President Joe Biden and Vice President Kamala Harris. Photo by Drew Angerer/Getty Images.
WASHINGTON — President-elect Joe Biden is calling on Congress to approve a sweeping package for economic and pandemic relief with a price tag twice that of the emergency aid passed in December after months of acrimonious negotiations.
Biden’s $1.9 trillion proposal, which he outlined in a speech Thursday evening, is framed around boosting funding in three areas: COVID-19 response, including a new national vaccine plan and reopening assistance for schools; aid to working families; and help for struggling small businesses and cash-strapped state and local governments.
The plan will be a first governing test for Biden, who campaigned as someone who could bring together a polarized Washington and stabilize a chaotic, unfocused national response to the COVID-19 pandemic under the Trump administration.
“We are in a race against time, and absent additional government assistance, the economic and public health crises could worsen in the months ahead; schools will not be able to safely reopen; and vaccinations will remain far too slow,” stated a fact sheet from Biden’s transition team detailing the new proposal.
House Speaker Nancy Pelosi and incoming Senate Majority Leader Chuck Schumer pledged their support for the plan in their chambers, both of which soon will be controlled by Democrats.
“We will get right to work to turn President-elect Biden’s vision into legislation that will pass both chambers and be signed into law,” they said in a joint statement.
For millions of Americans, the legislation, if made law, would mean:
- A $1,400 direct payment, supplementing the $600 payment passed by Congress in December’s package, for a total of $2,000;
- Renewal of boosted unemployment benefits, for an additional $400 a week;
- Extended protections against evictions and foreclosures;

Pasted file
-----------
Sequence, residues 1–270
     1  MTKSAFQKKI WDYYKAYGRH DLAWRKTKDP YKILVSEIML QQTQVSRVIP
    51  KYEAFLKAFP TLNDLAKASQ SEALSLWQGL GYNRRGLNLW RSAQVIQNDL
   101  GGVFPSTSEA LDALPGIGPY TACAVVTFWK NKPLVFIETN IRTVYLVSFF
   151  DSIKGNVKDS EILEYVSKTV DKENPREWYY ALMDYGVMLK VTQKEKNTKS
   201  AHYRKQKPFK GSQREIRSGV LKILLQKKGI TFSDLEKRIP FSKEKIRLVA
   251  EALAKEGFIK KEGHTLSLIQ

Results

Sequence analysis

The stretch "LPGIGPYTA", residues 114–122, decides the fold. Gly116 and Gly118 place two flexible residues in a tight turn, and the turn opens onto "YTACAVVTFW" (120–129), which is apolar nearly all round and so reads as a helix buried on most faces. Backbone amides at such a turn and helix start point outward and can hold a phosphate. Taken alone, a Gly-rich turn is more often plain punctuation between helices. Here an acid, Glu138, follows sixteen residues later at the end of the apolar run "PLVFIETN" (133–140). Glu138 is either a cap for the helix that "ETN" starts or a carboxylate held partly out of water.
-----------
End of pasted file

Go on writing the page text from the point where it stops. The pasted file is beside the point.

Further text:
- Aid for paying rent and utilities;
- More help with child-care costs;
- A $15-per-hour minimum wage;
- Paid sick and family and medical leave to help those burdened with additional caregiving responsibilities.
The proposal also would send a raft of aid to state governments, including $350 billion in emergency funding for state and local governments to keep public workers on the job, and $35 billion for small-business financing programs.
States also would receive:
- $20 billion in new money for their vaccine distribution efforts;
- Full federal reimbursement for critical emergency response resources, including deployment of the National Guard;
- Money for more manpower in long-term care facilities experiencing COVID-19 outbreaks;
- Funds for emergency housing;
- Additional cash assistance to low-income families;
- Relief for hard-hit public transit agencies.
As part of his goal to have most of the nation’s schools open within the first 100 days of his administration, Biden also is calling for $130 billion in new money to help schools in their reopening efforts.
The dollars could be used for a variety of steps, including reducing class sizes, modifying classrooms, improving ventilation, providing personal protective equipment, and paying for summer school or other support for students to help make up lost learning time this year.
Another $35 billion would go to higher education institutions, with $5 billion that governors can use to aid students, from early childhood through college, who have been significantly affected by the pandemic.
The coronavirus-related portions of the plan total more than $400 billion, including the Biden administration proposal for a national plan to improve the slow rollout of COVID-19 vaccines.
Biden is calling for the launch of community vaccination centers and mobile vaccination units in hard-to-reach areas, and would boost federal dollars to cover the cost of vaccinating all Medicaid enrollees.
His plan also envisions a massive expansion of testing, including regular testing in places like schools and prisons, and aims to expand the public health workforce by funding 100,000 public health workers.
The wide-ranging package he’s unveiled is nearly the size of the initial $2.2 trillion relief measures that Congress approved in late March, known as the CARES Act. While the Democratic-controlled House passed several other aid bills, none reached the president’s desk until December, when both chambers approved a $900 billion COVID-19 assistance bill.
At that time, congressional Democrats described the emergency aid package as only a small piece of what was needed to address the ongoing pandemic, with Pelosi calling it “a first step.”
Since then, Democrats have flipped control of the U.S. Senate, though the party won’t officially hold the majority until two new senators from Georgia are sworn in.
Those flipped seats will bring the chamber to a 50-50 split, with Democratic Vice President-elect Kamala Harris able to break ties after she’s sworn in Wednesday.
But passing legislation through the Senate requires 60 votes. That tally means finding Republican support unless Democrats choose to use a budgetary process known as reconciliation, which would allow them to pass certain bills with just 50 Democratic senators.
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